A few weeks ago we traveled to West Virginia to visit with my Dad, sister and her family. We like to go on little mini-vacations with Dad, so The Farmer, Dad and I headed over to the Winterset and Cambridge, Ohio, area.
Dad wanted to drive through Winterset to see if he could find the farm where one set of his grandparents lived, but although we went through the town two or three times and traveled several side roads, we couldn’t locate it. I’m afraid too much time had passed and there were too many changes.
We did see this flock of sheep on our way into town, however.
Since I like sheep, they really caught my eye.
Another thing that caught my eye as we drove through town was this unique building at a local greenhouse.
I guess you could say they went to pot in a really BIG way! I thought it was a rather clever idea to make a building look like a huge clay flowerpot though.
Since we couldn’t find the farm Dad was looking for, we headed to Salt Fork State Park, where we planned to stay the night. On the drive into the park, we were greeted by a groundhog. He seemed unconcerned to see us go by.
We decided to check out the Stone House Museum located in Salt Fork State Park. Built in 1837, the Kennedy Stone House was home to several generations of Kennedy descendants ending with the great-grandson of the builder, Don Kennedy, who occupied it until 1966.
Being Celtic immigrants, the Kennedy clan brought with them memories of the stone cottages and castles common to Scotland. Since there is sandstone in abundance in the foothills of the Appalachians, their home reflected this Scotch-Irish influence on early American architecture and was created entirely from stone.
The state of Ohio purchased the Kennedy property and surrounding lands to create Salt Fork State Park, which is obviously how the house got to be part of the park.
The house was built from locally-quarried stone cut into 3′ x 1′ x 1′ blocks. Because of its unique and enduring construction, the house is listed in the National Register of Historic places. It sits back in a lovely wooded area, nestled among the surrounding hills.
Then in 1967, the valley below the house was impounded to create Salt Fork Reservoir, so today the house overlooks the lake created then.
When you drive up to the house, one of the first things you come to is an outhouse.
Well, after all, it’s a necessary part of living!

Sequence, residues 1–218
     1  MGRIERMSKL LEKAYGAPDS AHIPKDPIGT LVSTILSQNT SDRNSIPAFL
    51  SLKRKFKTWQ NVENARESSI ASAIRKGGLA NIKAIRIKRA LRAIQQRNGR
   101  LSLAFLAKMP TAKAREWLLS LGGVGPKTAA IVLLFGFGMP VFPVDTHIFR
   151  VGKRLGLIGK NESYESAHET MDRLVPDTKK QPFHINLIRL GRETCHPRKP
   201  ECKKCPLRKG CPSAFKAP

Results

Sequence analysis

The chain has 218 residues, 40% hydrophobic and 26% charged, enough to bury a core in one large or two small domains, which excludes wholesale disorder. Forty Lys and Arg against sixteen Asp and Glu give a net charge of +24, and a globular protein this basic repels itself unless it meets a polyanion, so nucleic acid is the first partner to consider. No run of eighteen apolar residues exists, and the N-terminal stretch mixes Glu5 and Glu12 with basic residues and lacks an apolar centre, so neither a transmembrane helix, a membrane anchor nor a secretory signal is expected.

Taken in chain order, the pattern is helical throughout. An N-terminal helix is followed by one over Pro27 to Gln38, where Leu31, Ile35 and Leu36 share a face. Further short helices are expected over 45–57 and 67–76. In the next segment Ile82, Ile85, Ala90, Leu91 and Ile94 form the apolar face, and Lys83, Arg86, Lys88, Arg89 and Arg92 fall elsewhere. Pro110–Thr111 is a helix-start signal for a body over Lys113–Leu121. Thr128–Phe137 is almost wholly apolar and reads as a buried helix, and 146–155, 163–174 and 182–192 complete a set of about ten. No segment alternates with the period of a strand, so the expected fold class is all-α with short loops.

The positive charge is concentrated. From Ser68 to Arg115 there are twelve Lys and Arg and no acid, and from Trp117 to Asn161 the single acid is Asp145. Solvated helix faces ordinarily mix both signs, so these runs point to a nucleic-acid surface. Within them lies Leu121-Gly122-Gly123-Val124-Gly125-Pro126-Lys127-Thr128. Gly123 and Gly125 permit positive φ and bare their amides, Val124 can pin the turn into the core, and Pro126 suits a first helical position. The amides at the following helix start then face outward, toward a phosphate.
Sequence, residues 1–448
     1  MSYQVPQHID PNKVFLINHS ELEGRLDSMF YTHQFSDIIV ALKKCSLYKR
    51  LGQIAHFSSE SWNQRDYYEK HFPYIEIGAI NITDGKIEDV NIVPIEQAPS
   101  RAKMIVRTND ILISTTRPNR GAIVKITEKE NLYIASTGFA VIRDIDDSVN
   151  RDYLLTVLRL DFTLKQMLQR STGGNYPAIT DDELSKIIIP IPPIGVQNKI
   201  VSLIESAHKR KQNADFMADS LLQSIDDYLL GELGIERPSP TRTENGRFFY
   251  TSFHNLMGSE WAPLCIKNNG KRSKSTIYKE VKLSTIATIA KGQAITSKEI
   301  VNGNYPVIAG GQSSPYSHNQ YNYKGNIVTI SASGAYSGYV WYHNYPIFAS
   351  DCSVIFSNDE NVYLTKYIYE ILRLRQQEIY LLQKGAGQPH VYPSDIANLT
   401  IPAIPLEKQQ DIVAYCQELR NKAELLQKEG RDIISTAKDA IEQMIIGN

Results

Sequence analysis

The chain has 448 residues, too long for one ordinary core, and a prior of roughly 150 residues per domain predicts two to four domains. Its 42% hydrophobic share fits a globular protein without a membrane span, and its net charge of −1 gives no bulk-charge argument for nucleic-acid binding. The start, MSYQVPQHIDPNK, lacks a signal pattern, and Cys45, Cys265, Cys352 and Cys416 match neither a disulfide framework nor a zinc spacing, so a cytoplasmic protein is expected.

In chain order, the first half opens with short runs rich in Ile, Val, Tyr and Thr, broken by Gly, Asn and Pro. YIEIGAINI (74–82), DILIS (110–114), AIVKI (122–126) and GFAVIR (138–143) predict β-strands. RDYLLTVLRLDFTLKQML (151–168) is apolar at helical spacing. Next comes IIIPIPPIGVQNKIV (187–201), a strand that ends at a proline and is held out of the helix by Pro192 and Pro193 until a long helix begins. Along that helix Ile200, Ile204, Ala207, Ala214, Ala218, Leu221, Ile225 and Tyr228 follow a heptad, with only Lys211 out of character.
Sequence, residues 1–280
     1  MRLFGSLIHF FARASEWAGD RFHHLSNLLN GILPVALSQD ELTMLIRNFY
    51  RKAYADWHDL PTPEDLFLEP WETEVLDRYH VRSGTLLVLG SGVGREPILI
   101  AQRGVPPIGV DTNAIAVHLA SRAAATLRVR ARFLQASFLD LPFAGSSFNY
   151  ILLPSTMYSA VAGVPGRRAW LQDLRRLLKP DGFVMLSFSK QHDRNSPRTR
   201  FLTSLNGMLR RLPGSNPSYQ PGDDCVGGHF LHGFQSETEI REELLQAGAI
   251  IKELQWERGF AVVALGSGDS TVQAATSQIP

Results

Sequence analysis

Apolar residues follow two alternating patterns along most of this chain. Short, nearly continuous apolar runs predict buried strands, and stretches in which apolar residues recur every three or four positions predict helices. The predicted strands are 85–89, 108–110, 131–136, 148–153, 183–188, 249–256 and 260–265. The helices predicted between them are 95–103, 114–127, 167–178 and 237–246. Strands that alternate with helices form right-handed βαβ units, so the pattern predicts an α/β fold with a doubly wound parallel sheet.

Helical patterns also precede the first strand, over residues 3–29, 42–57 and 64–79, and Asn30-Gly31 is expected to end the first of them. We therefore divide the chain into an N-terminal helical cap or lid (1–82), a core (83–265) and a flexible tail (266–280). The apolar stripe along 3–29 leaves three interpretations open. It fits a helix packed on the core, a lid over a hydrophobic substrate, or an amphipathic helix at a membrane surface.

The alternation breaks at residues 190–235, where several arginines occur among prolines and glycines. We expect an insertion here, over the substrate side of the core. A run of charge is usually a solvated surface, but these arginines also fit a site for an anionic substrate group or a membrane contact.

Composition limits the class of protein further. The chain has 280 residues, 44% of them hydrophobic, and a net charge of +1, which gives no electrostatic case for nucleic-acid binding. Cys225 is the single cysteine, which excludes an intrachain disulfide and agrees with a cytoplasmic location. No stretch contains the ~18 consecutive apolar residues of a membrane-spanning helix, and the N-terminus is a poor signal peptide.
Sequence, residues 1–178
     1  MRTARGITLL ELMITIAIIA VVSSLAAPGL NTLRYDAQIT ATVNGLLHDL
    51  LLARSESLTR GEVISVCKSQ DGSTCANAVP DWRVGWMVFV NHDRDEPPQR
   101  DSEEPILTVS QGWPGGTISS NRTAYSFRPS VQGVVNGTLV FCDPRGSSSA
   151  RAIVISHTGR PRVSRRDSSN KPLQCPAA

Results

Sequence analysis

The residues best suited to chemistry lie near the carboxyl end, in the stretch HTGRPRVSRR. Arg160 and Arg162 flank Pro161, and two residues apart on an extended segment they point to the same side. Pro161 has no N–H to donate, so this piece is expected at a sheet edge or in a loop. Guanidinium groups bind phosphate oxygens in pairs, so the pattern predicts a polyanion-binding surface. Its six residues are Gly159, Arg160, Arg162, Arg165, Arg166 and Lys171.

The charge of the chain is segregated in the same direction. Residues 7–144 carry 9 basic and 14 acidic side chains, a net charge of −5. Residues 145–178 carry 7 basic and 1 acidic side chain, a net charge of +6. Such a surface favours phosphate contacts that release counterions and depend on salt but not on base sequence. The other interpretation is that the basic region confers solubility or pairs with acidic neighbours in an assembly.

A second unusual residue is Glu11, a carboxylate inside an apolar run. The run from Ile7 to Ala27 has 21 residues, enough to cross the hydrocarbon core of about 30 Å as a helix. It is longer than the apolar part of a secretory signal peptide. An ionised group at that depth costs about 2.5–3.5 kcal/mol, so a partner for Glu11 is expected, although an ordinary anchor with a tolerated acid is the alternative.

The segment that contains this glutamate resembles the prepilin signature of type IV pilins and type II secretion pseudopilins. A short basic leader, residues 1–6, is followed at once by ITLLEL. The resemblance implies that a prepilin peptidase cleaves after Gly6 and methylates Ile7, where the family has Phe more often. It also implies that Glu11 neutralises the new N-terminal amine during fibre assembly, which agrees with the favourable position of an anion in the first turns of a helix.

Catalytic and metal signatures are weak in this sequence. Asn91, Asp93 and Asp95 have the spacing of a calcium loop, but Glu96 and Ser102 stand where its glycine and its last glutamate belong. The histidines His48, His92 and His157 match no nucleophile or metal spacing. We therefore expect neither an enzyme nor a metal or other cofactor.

We were also greeted by the sight of another flock of sheep on top of a hillside behind the house.
These didn’t move around much. I think they were a little bored (board?). Did you notice one little sheep in front splintered off from the rest?
On the hillside below the sheep, there was a little building with some honeysuckle growing up the side.
The Farmer tried to peek in-between the cracks to see what was in there, but couldn’t really see much.
There was also a bell down the hill from the flock of wooden sheep. (And who wooden like such cute sheep?)
Dad took a picture of “The Amos Bell” which once hung in a one room schoolhouse in Guernsey County. It was saved from destruction by the Amos family who placed it in their garden. Later the bell was moved to the Stone House property in honor of Robert Woodrow and Hannah McCleary Amos of Cambridge, Ohio, to honor their efforts in the preservation of the Stone House.
One of the first things we noticed at the house was a bulletin board with a lot of pictures showing the house at various times in its’ history.
We peeked in through one of the windows to check out the interior.
I noticed a couple more sheep were in the house. But then, I notice sheep wherever I go!
It was hard to get a good picture since the room was dim and they were against a brightly lit window, but I couldn’t resist trying.
We also checked out the big root cellar.
It’s huge! You could put a whole lot of food in there! Of course, a root cellar was an important part of preserving foods for the winter before people had electricity readily available.
Dad and The Farmer walked along the bank in front of the house to check out the view. The Salt Fork Reservoir is lovely.
All along the front of the house, there is a stone retaining wall. The Farmer decided to take a rest and lean on it for a while.
It was an interesting place to visit. As we were leaving, I took one last picture, this time of the weathervane.
If you’re ever in the area, it’s worth checking out the Stone House Museum. We enjoyed our visit!